Mobilité durable (Sustainable mobility)

Mobilité durable (Sustainable mobility)

Setting the context

In Quebec, transportation is the largest source of greenhouse gas (GHG) emissions. For several years now, sustainable mobility has been at the forefront of GHG reduction initiatives - and this is not about to change.

More specifically, in Laval, over 70% of GHG emissions come from the transportation of people and goods. In order to reduce the impacts incurred, but also to adopt new, more carbon-efficient solutions, we are placing sustainable mobility at the heart of our innovation priorities.

To do this, Laval économique is undertaking various initiatives, supported by Ville de Laval departments and partners.


First, we will conduct an analysis in order to identify the various issues present in the Laval area.


Once a compelling issue is identified, we bring stakeholders together to gather their solutions.


The selected solutions must be tested in a real context on the Laval territory, supervised by the researchers.


After a successful test, the team evaluates the conditions for success to encourage investors to support future efforts.

Initial project

Context and actions

With the support of our researchers, we are developing an analytical tool - powered by digital twin algorithms - to simulate mobility in Laval.

The objective is to simulate scenarios (for example, the opening of a new carpooling lane, the pedestrianization of a street, etc.), prior to an experimentation phase. These scenarios can apply to more than one scale (neighborhoods, industrial zones or the entire Laval territory).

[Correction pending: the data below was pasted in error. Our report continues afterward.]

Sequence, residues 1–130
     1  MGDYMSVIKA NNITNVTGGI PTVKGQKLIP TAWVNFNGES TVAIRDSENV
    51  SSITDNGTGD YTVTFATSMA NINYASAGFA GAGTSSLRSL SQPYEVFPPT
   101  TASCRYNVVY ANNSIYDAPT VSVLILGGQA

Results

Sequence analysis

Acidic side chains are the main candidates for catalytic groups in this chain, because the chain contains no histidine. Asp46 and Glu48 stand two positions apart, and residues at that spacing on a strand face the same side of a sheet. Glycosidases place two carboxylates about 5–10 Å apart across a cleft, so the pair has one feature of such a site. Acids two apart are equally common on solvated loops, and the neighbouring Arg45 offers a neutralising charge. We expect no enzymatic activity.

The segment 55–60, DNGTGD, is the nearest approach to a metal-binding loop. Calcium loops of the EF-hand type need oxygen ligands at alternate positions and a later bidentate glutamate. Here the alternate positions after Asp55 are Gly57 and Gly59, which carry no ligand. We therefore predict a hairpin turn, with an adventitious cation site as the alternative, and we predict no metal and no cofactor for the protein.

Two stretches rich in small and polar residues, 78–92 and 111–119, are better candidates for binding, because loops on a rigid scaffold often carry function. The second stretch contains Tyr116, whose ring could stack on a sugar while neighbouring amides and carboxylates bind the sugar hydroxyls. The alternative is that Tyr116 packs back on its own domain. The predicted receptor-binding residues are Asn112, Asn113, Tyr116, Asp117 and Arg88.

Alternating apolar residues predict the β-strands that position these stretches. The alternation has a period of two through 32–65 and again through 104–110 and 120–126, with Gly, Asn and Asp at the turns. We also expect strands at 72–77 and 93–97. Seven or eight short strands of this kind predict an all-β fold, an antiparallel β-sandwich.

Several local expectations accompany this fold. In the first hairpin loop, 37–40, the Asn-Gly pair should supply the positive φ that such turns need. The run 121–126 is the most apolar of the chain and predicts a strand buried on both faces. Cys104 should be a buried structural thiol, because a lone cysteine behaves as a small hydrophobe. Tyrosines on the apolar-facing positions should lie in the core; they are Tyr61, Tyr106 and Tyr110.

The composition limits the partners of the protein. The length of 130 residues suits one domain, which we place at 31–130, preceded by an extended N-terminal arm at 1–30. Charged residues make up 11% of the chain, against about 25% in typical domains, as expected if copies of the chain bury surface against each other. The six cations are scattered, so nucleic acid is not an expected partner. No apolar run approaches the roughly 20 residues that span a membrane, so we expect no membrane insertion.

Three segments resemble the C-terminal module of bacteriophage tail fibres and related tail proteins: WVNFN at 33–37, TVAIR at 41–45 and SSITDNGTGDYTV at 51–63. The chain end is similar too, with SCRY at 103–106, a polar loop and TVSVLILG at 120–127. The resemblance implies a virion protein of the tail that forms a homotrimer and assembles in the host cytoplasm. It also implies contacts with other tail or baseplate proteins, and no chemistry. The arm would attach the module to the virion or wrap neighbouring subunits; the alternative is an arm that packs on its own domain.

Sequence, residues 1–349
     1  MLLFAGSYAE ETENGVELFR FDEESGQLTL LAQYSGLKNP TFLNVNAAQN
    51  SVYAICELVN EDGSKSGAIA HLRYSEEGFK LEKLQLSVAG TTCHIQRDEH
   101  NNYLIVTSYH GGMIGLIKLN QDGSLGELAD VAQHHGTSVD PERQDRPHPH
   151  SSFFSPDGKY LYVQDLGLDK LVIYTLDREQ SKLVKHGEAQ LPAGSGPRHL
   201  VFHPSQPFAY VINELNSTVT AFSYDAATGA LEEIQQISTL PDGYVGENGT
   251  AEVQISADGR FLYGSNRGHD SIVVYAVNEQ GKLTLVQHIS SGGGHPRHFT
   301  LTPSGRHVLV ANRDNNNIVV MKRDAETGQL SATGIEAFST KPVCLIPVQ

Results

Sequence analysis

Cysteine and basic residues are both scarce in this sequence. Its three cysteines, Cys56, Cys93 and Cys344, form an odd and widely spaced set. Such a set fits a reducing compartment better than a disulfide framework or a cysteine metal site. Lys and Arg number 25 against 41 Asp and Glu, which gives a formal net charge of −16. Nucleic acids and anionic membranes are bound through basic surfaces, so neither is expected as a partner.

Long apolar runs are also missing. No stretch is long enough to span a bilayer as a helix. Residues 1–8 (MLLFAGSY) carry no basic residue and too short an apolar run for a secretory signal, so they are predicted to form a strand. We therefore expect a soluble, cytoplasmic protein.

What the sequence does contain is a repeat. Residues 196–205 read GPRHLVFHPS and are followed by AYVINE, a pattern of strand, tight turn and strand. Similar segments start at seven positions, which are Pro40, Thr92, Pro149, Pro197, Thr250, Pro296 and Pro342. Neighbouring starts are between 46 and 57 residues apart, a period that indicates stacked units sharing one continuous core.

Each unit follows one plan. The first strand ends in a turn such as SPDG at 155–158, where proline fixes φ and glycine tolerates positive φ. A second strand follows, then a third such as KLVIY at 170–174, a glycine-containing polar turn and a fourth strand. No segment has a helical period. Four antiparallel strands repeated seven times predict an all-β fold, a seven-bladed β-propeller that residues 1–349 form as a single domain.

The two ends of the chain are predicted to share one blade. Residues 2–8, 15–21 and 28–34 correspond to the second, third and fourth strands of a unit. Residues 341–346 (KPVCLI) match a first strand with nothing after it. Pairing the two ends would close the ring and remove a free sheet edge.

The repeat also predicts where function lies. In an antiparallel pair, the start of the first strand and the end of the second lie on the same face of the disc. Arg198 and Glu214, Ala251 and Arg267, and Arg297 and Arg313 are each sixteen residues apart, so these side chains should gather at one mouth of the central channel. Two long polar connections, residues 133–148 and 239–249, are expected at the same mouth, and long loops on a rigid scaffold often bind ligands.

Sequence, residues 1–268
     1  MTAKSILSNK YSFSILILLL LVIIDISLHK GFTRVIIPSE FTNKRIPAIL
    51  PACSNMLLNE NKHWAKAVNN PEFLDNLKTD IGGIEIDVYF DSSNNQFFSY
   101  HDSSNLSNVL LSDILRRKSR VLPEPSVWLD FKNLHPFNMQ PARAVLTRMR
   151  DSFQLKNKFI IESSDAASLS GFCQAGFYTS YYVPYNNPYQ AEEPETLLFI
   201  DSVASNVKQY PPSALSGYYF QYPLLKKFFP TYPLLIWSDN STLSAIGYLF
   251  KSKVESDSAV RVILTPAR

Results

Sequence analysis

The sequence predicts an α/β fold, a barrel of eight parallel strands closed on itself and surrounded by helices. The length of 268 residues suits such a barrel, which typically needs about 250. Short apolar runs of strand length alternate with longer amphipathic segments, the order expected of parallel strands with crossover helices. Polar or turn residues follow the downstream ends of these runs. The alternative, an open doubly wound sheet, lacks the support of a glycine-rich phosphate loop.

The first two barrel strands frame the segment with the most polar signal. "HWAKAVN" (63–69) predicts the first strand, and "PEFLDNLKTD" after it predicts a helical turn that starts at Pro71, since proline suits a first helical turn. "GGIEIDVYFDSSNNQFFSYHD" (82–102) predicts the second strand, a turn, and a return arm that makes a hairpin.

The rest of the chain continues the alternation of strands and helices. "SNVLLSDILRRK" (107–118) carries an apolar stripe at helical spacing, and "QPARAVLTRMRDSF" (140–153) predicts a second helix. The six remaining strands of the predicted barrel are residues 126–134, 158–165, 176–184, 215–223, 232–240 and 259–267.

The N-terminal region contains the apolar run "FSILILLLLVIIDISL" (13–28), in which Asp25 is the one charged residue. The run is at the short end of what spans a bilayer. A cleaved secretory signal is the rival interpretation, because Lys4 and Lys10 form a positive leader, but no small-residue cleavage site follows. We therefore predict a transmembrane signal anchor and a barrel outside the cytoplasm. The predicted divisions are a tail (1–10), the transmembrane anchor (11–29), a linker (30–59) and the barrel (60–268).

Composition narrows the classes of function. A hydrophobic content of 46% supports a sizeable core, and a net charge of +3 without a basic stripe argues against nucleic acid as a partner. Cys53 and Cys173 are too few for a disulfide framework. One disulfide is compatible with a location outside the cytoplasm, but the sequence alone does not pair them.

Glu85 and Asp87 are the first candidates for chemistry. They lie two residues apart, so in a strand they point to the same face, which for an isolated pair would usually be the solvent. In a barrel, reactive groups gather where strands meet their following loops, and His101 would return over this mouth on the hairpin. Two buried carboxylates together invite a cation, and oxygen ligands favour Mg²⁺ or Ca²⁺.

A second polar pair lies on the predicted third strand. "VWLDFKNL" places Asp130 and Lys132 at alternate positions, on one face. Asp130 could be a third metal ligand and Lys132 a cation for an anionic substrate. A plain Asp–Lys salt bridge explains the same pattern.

This tool will allow us to identify possible solutions and to experiment them on the territory. More specifically, it will help us accelerate strategic decisions in the context of projects related to innovation, especially those related to sustainable mobility.

What is a digital twin?

The concept of a digital twin consists of a virtual model of an object or place. It processes data collected by different means (including algorithms) to simulate the implementation of new strategies, new behaviors and more.

Among other things, digital twins can reproduce various situations in the physical world. It can involve equipment, real estate projects, an entire city, etc.

Around the world, this approach allows for observing the performance of one or more resources and thus making decisions that are strongly aligned with innovation projects.

Next steps

  • Unveiling of the mobility analysis in Laval.
  • Submission of the report on the state of the situation and potential solutions.
  • Starting an invitation-only community of interest to rally stakeholders.
  • Launching an innovation project, including a challenge proposed at the HEC Montréal summer school.


Laurent Simon
Full Professor, HEC Montréal, Entrepreneurship and Innovation
Florent Begue
Florent Begue
Doctoral student at HEC Montreal

The partners

Société de transport de Laval